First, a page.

Home NRF: Moderate Retail Growth Likely As U.S. Economic Growth Slows Somewhat
March 21, 2024

NRF: Moderate Retail Growth Likely As U.S. Economic Growth Slows Somewhat

Posted In: Retail Articles

The National Retail Federation has forecast that retail sales will advance between 2.5% and 3.5% in 2024 to between $5.23 trillion and $5.28 trillion. 

In 2023, retail sales grew 3.6% to $5.1 trillion, NRF noted, consistent with the 3.6% average annual growth in sales growth in the ten years prior to the COVID-19 pandemic.

NRF expects in-store and online sales, which are included in the total figure, to grow between 7% and 9% year over year to a range of $1.47 trillion to $1.5 trillion, up from 2023 non-store and online sales of $1.38 trillion.

NRF projects that the United States gross domestic product will grow by about 2.3% year over year during 2024, down slightly from 2.5% in the year earlier but strong enough to sustain job growth. NRF anticipates inflation softening to 2.2% on a year-over-year basis due to a cooling economy, the labor and product markets coming into better balance and moderating housing costs.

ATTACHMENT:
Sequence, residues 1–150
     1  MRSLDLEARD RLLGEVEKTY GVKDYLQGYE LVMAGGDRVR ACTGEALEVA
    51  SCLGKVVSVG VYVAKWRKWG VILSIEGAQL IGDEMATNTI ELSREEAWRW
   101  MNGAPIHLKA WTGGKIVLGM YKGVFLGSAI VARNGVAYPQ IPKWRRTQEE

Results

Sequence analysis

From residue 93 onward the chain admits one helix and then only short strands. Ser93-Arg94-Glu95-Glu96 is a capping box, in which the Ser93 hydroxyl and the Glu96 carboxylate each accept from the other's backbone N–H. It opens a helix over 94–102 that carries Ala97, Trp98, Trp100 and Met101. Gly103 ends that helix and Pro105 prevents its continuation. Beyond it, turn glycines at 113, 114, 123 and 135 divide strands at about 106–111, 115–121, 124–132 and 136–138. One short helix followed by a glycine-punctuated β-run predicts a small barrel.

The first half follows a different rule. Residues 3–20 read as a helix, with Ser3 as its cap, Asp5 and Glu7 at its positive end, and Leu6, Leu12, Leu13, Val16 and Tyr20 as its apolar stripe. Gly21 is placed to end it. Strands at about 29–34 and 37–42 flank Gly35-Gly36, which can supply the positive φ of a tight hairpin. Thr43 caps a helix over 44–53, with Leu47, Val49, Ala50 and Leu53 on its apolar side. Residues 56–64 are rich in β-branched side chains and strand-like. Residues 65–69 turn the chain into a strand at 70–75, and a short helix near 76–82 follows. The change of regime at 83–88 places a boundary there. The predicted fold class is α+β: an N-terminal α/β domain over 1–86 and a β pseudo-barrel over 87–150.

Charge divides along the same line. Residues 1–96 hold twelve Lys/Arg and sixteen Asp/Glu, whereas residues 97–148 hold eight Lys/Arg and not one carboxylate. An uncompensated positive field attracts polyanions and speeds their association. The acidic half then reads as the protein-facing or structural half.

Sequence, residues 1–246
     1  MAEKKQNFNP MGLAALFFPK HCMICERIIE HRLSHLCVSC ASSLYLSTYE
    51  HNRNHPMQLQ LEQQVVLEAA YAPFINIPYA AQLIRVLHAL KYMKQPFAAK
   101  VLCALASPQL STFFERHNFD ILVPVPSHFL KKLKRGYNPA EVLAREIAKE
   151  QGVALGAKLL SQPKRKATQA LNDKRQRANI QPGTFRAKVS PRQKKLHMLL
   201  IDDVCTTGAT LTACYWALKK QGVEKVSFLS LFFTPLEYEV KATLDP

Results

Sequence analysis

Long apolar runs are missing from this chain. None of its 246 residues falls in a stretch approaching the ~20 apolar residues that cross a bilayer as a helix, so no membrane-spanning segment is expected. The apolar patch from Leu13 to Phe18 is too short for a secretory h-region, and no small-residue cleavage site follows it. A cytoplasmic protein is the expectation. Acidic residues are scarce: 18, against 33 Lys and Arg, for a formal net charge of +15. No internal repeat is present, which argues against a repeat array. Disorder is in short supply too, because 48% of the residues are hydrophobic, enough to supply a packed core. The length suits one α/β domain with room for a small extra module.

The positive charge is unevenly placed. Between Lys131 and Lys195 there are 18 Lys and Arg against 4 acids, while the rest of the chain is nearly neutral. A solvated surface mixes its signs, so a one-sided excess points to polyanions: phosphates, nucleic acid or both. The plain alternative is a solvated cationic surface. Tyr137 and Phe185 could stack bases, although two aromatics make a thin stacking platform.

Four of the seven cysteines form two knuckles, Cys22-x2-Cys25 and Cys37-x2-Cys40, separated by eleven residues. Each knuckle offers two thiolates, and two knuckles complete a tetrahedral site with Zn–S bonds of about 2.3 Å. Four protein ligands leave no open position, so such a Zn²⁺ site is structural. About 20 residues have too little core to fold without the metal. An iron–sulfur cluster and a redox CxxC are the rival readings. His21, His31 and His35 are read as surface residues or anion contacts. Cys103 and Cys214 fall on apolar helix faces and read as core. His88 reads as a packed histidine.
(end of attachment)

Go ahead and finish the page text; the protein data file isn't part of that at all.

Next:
A tight labor market, generating robust job growth and wage gains, has fueled consumer spending, although NRF anticipates that cooling in 2024. With the pace of the economy slowing in the current calendar year, NRF expects the  2024 unemployment rate to average 4%.

“The resiliency of consumers continues to power the American economy, and we are confident there will be moderate but steady growth through the end of the year,” NRF president and CEO Matthew Shay said. “Successful retailers offer consumers products and services when, where and how they want to shop with prices they want to pay.”

NRF chief economist Jack Kleinhenz added, “The economy is primarily supported by consumers who have shown much greater resilience than expected, and it’s hard to be bearish on the consumer. The question for 2024 ultimately is, will consumer spending maintain its resilience?”

Kleinhenz observed that consumer balance sheets and debt servicing levels remain in good condition. Rising home and stock prices in 2023 likely stimulated greater consumer spending due to the so-called wealth effect and that should continue in 2024. Several surveys indicate that consumers appear to have a favorable financial outlook, which should also support their willingness to spend, he pointed out. On the other side of the coin, many consumers are feeling a pinch from tighter credit and inflation.

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